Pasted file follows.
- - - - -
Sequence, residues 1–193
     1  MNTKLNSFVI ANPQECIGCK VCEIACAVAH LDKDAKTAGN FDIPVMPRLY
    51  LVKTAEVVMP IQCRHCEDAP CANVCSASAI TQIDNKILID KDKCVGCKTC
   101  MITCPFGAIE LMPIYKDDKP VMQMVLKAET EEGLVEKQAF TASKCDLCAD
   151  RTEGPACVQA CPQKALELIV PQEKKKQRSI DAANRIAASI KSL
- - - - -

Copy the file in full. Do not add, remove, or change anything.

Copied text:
Sequence, residues 1–193
     1  MNTKLNSFVI ANPQECIGCK VCEIACAVAH LDKDAKTAGN FDIPVMPRLY
    51  LVKTAEVVMP IQCRHCEDAP CANVCSASAI TQIDNKILID KDKCVGCKTC
   101  MITCPFGAIE LMPIYKDDKP VMQMVLKAET EEGLVEKQAF TASKCDLCAD
   151  RTEGPACVQA CPQKALELIV PQEKKKQRSI DAANRIAASI KSL